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Classroom Management

The Inclusional Classroom

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The most important element in classroom management is to have a plan. Answer the following questions to see if you are 'ready for anything'.

1. What do students do when they come into your classroom in the morning? After recess and lunch?
2. What is the consequence for not completing assigned work both in class and out?
3. What is the consequence for student(s)interrupting the class or a small group?
4. How do your students request to leave the room for a drink or to visit the washroom?
5. What is the process for the whole class leaving for lunch or recess or to go to the gym?
6. What is the consequence for the child who forgets things?
7. After giving a set of instructions or directions, what is in place for the student(s) that still don't understand?
8. How do you respond to the child that keeps leaving his/her seat?
9. How will your students know about acceptable voices/noise levels to use for the various activities?

These are just a few questions that come to mind, with a good plan in place, you'll be able to answer each question quickly with an appropriate response that works.

If you're uncertain about how you'll handle the above questions, it's time for you develop a plan of action. First off, determine what your rules are - these are best done as a whole class activity. When your students are involved in the decision making process that affects them, chances for success occur with their involvement. For instance, when determining the washroom routine, ask your students what the routine should be. In my class, I had a student that used sign language, all the students thought we should form the letter T in sign language and raise their hand showing the 'T'. When the teacher saw the 'T' she/he would give a nod. The child then left. We had a one at a time rule, therefore, there was a picture of a toilet on the blackboard which was turned upside down until the student returned.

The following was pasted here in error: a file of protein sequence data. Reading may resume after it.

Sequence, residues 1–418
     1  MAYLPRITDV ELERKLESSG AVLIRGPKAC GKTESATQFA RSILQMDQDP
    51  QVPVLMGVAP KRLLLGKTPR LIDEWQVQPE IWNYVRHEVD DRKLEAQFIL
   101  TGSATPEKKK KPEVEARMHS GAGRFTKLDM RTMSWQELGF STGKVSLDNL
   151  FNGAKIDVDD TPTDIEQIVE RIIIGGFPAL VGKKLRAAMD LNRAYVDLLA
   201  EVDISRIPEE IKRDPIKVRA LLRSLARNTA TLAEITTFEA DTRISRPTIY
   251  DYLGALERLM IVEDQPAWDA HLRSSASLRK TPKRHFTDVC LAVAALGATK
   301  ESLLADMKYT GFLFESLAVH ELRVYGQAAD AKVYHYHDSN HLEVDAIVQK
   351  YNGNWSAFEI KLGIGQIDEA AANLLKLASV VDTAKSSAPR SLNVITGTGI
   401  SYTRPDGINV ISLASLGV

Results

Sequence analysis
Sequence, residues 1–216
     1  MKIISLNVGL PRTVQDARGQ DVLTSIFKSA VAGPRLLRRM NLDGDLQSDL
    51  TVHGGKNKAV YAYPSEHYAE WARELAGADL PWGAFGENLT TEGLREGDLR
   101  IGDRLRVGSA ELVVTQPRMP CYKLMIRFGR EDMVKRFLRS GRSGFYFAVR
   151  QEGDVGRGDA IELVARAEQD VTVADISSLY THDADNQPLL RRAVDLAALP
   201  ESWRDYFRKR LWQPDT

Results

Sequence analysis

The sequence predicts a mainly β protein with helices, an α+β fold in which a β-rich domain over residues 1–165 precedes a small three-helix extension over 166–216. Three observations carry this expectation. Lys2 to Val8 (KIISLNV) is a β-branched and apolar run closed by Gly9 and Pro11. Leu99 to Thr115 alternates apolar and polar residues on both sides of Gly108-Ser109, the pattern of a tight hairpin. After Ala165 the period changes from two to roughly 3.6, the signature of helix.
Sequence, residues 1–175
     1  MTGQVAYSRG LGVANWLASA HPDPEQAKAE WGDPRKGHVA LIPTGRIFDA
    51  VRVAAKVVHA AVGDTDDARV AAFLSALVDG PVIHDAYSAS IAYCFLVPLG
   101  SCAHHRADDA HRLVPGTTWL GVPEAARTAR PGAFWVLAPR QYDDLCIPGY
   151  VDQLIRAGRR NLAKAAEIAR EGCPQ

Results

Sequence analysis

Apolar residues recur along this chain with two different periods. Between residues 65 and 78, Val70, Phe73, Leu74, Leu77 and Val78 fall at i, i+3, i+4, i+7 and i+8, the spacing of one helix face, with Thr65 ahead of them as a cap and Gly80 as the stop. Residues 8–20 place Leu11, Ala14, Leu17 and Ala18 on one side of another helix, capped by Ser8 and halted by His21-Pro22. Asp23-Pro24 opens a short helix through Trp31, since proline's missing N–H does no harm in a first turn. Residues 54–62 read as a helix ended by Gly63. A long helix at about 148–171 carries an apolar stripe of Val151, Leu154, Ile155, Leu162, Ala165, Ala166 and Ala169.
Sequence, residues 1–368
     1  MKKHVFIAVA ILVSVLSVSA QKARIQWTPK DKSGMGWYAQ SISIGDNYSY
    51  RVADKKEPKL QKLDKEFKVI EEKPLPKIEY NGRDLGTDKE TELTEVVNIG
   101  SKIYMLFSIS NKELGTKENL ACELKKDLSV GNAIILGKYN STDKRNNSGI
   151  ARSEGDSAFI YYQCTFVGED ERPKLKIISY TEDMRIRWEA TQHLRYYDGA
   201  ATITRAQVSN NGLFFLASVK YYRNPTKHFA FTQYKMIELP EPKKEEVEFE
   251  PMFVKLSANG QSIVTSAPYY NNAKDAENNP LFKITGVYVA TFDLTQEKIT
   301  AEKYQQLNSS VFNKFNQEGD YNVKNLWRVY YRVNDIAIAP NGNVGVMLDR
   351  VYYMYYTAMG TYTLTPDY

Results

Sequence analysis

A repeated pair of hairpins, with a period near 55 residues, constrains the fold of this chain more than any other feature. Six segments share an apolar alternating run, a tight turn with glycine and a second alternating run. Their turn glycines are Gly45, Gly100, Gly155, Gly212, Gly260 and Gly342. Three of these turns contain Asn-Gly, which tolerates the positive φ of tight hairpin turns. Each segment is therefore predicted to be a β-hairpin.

Rules and routines need to be taught and referred to regularly, especially early in the year. Here are some useful tips to teach routines and rules.

Golden Rules About Classroom Management

1. Ensure that you have clearly stated rules and procedures with established consequences that are expected and reviewed regularly. All students must know the rules, routines and expectations.

2. Never continue on with instruction when the rules are being broken - pause, delay and ensure that you have your student's attention.

3. Catch your students using appropriate behavior and praise them!

4. Use behavior contracts when necessary and follow up with appropriate incentives.

5. Be sure that your instructional periods are NOT too long, students need to be mobile throughout the day.

6. Provide individual , personal cueing and prompts to certain students as needed. Sometimes just touching a student's shoulder will bring them back to task.

7. POST the important rules - keep it short, no more than 6 and refer to it often. These should be posted after the class has brainstormed them.

Consistent approaches to classroom managment will work, effective classroom management takes time and should be seriously implmented at the beginning of the year. Show your students respect at all times, students who think they're not liked will become your biggest behavior issue. For tips on dealing with specific behaviors (aggression, tattling etc.) try the tips here.

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